WSU Extension

Hortsense

Raspberry
 
Disease
Anthracnose 
Boron deficiency 
Fruit rot and cane Botrytis 
Phytophthora root rot 
Powdery mildew 
Spur blight 
Yellow rust 
Insect
Aphids 
Brown marmorated stink bug 
Cutworms and armyworms 
Dryberry mite 
Leafrollers 
Loopers 
Raspberry beetle (raspberry fruitworm) 
Raspberry crown borer 
Root weevils 
Rose stem girdler 
Spider mites 
Spotted wing Drosophila (SWD) 



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Caption: Spotted cutworm
Photo by: K. Grey
  
Raspberry : Cutworms and armyworms
(revision date: 7/10/2015)


Biology
Cutworms and armyworms are the larvae of noctuid moths. These common moths are medium-sized with fairly dull coloration. The pale green to brownish caterpillars are hairless, nocturnal, and generally spotted, striped, or otherwise marked. They may be 1/4" to 1" in length and tend to curl up when disturbed. They climb into the plant and feed on buds, shoots, and foliage. Armyworm behavior is similar to that of cutworms, but armyworms feed in large groups instead of individually. They tend to be voracious feeders. The caterpillars typically spend the day just beneath the soil surface or under debris near the host. While armyworms oftentimes feed during the day, cutworms usually feed at night, so it is advisable to search for them with a flashlight in the dark. Weeds are a primary food source for both cutworms and armyworms.
Management Options

Non-Chemical Management
  • Control weeds and grasses in and near the garden.
  • Remove debris around plants that provides shelter for cutworms.
  • Hand-pick night-feeding larvae, when practical. Scratch soil at the base of damaged plants to find larvae in the daytime.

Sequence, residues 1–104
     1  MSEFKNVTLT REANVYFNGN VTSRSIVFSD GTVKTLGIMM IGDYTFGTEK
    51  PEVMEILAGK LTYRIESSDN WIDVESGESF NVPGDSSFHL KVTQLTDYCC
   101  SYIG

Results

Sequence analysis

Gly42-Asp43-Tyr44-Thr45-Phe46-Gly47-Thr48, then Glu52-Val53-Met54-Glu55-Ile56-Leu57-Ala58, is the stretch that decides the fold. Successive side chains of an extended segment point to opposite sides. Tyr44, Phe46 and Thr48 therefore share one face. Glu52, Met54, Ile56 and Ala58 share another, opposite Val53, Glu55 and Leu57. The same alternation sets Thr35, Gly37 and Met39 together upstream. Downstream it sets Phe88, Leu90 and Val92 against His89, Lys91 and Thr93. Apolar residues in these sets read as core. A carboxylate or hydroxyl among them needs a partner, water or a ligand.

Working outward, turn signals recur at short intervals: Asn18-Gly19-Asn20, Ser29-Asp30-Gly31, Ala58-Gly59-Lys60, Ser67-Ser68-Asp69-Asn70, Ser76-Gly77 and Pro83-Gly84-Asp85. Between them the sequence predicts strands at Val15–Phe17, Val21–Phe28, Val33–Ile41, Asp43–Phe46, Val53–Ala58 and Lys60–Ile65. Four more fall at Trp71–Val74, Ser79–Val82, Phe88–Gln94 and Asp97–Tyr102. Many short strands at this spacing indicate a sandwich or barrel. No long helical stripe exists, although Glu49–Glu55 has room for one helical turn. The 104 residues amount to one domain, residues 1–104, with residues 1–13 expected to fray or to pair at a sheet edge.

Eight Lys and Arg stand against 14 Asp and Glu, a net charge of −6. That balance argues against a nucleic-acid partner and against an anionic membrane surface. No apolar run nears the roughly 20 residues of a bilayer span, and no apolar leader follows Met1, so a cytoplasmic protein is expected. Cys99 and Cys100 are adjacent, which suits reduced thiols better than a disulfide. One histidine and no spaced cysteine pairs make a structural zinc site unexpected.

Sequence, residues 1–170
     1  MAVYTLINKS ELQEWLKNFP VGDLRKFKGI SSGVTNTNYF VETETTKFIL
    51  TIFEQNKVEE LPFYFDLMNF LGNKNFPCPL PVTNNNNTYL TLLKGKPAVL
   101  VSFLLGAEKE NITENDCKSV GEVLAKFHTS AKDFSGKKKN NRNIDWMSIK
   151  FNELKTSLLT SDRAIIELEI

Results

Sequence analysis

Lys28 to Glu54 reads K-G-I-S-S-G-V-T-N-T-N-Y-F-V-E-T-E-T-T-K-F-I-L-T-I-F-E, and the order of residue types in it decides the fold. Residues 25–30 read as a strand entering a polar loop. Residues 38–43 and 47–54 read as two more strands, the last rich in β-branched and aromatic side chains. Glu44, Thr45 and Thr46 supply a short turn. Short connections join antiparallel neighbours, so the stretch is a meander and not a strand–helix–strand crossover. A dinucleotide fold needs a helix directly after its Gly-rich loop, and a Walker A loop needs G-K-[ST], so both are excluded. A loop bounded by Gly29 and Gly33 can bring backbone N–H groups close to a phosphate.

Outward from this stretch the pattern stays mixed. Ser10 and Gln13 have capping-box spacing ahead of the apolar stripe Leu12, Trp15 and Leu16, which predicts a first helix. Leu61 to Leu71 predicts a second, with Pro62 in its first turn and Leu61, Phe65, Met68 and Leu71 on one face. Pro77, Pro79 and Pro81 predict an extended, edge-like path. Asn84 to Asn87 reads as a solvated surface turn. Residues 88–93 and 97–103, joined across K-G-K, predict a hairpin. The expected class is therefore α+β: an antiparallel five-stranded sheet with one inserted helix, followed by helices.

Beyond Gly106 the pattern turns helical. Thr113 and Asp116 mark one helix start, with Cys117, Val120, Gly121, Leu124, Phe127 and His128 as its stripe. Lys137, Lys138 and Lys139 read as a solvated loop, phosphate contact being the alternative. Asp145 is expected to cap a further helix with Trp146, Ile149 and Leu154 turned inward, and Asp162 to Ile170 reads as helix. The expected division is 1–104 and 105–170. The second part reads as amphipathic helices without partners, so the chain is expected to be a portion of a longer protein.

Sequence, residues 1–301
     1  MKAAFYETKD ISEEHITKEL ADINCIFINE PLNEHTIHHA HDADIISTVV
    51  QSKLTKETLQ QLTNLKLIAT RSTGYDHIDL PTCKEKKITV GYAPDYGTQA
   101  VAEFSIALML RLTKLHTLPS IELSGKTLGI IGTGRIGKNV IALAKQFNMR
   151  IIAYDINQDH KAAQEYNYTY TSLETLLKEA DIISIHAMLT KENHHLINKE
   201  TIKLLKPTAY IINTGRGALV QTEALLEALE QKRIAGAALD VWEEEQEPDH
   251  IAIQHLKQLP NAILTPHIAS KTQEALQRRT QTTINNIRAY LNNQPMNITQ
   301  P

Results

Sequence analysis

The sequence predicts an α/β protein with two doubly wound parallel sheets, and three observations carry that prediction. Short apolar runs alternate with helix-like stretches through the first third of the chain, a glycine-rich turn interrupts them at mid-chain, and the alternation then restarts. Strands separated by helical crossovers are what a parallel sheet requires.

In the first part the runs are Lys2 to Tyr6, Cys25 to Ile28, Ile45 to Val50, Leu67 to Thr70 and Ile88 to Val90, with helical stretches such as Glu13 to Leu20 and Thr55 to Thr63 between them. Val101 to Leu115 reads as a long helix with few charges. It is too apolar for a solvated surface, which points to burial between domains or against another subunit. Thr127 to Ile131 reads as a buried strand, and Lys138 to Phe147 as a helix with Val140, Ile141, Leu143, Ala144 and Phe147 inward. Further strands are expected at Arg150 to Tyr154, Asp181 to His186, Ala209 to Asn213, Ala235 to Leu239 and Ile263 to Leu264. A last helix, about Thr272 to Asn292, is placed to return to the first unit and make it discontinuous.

• Encourage natural enemies of cutworms and armyworms including birds, spiders, and predacious insects. Avoid use of broad-spectrum insecticides that kill beneficial insects.
  • Plastic or cardboard collars extending 2" into the soil and 2" above the soil can be placed around individual plants or groups of plants. The barriers may help prevent attack.
Select non-chemical management options as your first choice!

Chemical Management

Apply Bacillus thuringiensis (Bt) products when first tiny worms or their damage are seen. Repeat Bt products applications at weekly intervals until threat subsides. Use a spreader-sticker with liquid Bt formulations.

Listed below are examples of pesticides that are legal in Washington. Always read and follow all label directions.
  • Bonide Captain Jack's Deadbug Brew R-T-U [Organic]
    Active ingredient: spinosad (spinosyn A+D)  |  EPA reg no: 4-472
  • Bonide Thuricide BT Conc
    Active ingredient: Bacillus thuringiensis subsp. kurstaki  |  EPA reg no: 4-226
  • Bug Buster-O [Organic]
    Active ingredient: pyrethrins  |  EPA reg no: 1021-1771-54705
  • Safer Brand Garden Dust RTU [Organic]
    Active ingredient: Bacillus thuringiensis subsp. kurstaki  |  EPA reg no: 36488-25-42697
  • This list may not include all products registered for this use.
Images

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Caption: Spotted cutworm
Photo by: K. Grey
Caption: Bertha armyworm
Photo by: K. Grey
Caption: Cutworm eggs
Photo by: A.L. Antonelli
Caption: Adult moth of the spotted cutworm, Xestia c-nigrum
Photo by: M. Bush